Gallivan joined the Orioles as the chief Midwest scout in 1955, when Paul Richards was named general manager. Richards and Gallivan had been teammates at Hartford in 1931. He covered the country from Chicago to Denver and estimated at one point that he traveled about 256,000 miles a year. He talked with Iowa sportswriter John O’Donnell about how prospecting had changed from when he was a young player.
“Back then a player would have to go out and solicit the opportunity to be seen and watched,” Gallivan said. “Today the scouts came right on the back porches of high school and college kids who look as if they might make good. The word really gets around when a kid has some class.”
In his role, Gallivan scouted or signed second baseman Jerry Adair, who played with Baltimore for 9 seasons, and Jim Palmer. Palmer had committed to Arizona State University until Baltimore gave him an offer he couldn’t turn down. It was rumored at the time to be between $50,000 and $100,000. Gallivan convinced the Orioles to acquire minor-leaguer Jim Gentile, who would be an All-Star and Rookie of the Year runner-up for Baltimore in 1960. He tried to sign future 20-game winner Jim Lonborg, but he couldn’t get Baltimore to pony up the money. The 54-year-old scout was sidelined temporarily by a heart attack in Denver in 1961. That seemed to be the only thing that could interrupt his hectic travel schedule. All total he spent 15 years with the Orioles.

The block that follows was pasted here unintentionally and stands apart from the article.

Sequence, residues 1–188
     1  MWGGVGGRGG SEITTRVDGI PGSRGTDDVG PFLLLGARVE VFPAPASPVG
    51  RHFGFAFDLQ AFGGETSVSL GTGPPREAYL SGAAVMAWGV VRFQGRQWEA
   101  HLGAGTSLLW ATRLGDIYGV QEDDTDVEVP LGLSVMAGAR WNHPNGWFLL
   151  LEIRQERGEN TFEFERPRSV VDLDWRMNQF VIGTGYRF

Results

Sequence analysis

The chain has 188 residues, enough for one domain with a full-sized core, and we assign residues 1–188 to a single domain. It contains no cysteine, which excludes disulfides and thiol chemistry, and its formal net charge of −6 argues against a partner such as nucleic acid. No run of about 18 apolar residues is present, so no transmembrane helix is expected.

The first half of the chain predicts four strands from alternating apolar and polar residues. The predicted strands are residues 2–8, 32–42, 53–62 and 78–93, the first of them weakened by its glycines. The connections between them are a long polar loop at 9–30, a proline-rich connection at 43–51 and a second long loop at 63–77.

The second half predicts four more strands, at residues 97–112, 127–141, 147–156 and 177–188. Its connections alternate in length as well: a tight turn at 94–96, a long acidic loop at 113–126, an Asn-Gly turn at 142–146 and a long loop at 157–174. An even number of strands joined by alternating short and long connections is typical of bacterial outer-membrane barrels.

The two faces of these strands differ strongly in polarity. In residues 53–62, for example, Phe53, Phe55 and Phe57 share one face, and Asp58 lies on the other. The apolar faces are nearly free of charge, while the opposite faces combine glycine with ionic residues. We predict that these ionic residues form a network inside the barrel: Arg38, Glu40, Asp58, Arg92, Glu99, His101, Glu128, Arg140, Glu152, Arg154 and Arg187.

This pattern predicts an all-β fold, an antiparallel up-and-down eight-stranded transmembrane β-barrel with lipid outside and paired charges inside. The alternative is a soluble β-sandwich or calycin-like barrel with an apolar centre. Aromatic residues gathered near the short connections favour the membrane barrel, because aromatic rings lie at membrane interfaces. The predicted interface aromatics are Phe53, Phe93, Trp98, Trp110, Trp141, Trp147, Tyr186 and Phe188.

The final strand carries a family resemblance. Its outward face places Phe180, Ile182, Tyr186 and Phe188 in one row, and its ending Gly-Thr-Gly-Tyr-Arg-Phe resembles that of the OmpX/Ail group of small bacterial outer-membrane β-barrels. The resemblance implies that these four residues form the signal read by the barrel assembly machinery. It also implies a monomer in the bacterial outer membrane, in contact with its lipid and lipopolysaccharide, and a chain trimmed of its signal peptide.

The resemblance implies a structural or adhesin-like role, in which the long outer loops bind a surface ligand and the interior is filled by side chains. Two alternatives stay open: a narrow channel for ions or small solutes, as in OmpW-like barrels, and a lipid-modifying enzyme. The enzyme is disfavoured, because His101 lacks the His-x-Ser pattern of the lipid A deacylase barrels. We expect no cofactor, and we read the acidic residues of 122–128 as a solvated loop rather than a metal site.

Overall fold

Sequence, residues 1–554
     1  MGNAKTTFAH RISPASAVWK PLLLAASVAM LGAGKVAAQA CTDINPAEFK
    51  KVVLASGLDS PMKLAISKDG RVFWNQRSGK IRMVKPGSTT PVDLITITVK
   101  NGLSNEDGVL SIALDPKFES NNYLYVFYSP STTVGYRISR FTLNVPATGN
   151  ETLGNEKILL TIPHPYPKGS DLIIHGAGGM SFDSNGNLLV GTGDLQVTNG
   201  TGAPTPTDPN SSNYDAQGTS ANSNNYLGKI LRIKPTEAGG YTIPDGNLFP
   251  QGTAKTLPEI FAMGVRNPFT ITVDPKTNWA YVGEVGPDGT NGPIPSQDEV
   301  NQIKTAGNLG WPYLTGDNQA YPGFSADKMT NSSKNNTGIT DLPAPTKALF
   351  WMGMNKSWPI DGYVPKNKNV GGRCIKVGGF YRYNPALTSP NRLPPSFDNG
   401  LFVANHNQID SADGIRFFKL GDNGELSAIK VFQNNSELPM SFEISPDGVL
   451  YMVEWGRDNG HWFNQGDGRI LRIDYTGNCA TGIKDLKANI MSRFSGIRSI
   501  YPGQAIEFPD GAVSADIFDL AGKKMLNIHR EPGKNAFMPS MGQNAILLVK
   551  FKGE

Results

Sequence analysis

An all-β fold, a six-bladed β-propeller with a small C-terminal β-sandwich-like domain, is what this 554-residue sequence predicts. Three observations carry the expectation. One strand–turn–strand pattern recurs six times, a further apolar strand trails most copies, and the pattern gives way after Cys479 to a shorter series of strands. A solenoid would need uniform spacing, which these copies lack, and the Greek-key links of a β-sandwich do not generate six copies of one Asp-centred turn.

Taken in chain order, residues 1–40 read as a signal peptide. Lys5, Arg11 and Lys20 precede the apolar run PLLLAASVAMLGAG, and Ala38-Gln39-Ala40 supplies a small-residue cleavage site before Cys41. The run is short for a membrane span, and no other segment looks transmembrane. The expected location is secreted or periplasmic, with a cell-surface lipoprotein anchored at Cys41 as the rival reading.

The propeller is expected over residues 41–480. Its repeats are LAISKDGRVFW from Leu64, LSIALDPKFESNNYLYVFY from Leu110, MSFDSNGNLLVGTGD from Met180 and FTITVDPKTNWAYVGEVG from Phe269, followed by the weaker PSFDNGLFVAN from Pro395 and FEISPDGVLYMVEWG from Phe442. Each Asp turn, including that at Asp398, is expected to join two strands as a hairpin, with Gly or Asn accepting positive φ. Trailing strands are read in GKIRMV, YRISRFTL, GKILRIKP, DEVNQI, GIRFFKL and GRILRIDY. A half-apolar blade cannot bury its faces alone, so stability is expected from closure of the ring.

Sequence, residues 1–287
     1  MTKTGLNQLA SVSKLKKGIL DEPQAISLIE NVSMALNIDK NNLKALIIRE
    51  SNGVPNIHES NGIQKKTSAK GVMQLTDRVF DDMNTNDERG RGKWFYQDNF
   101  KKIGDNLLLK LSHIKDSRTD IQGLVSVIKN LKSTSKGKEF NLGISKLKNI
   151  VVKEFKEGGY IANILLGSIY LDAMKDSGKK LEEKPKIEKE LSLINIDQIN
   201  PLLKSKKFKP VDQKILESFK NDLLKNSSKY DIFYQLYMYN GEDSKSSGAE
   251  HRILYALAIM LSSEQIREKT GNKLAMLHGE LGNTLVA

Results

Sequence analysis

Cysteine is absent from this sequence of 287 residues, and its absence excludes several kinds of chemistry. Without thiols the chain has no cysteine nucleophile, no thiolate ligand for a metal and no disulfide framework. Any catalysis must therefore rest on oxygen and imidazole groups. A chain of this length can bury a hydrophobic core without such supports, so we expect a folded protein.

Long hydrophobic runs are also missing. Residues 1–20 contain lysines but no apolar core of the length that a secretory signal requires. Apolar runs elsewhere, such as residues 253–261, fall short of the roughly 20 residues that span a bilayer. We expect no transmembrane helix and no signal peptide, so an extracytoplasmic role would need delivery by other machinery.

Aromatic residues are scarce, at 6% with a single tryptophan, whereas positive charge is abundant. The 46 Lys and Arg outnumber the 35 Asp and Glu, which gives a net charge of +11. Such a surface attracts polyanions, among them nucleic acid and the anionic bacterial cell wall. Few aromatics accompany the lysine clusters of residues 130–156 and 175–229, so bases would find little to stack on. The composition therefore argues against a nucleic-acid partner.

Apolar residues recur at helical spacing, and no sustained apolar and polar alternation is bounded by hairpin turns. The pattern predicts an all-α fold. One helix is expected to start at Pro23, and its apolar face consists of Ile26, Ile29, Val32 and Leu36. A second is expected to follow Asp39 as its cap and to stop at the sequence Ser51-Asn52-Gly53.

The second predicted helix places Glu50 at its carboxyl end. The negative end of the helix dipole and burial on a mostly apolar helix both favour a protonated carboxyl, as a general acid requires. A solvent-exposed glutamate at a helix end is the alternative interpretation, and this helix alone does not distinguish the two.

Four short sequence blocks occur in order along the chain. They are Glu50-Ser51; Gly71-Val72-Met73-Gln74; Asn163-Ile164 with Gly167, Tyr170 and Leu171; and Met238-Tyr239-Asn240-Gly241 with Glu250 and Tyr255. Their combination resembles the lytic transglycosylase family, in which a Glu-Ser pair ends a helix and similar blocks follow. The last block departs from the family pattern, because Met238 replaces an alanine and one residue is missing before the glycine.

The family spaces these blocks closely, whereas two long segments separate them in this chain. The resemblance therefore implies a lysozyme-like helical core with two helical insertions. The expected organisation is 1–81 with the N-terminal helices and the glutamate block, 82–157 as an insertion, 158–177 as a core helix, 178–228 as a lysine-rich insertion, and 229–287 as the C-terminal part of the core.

Phil Gallivan died on November 24, 1969, in St. Paul, Minn., following a long illness. He was 62 years old and kept up his scouting duties almost to the very end of his life. In fact, one of his last tasks was to attempt to sign a high school pitcher out of St. Paul Central High, whom the Orioles drafted in the 40th Round of the 1969 June Amateur Draft. He tried to get the kid, named Dave Winfield, to take a minor-league assignment in Aberdeen. It didn’t work out, and Winfield ended up being the “one that got away.”
Gallivan is buried in Willow River Cemetery in Hudson, Wis.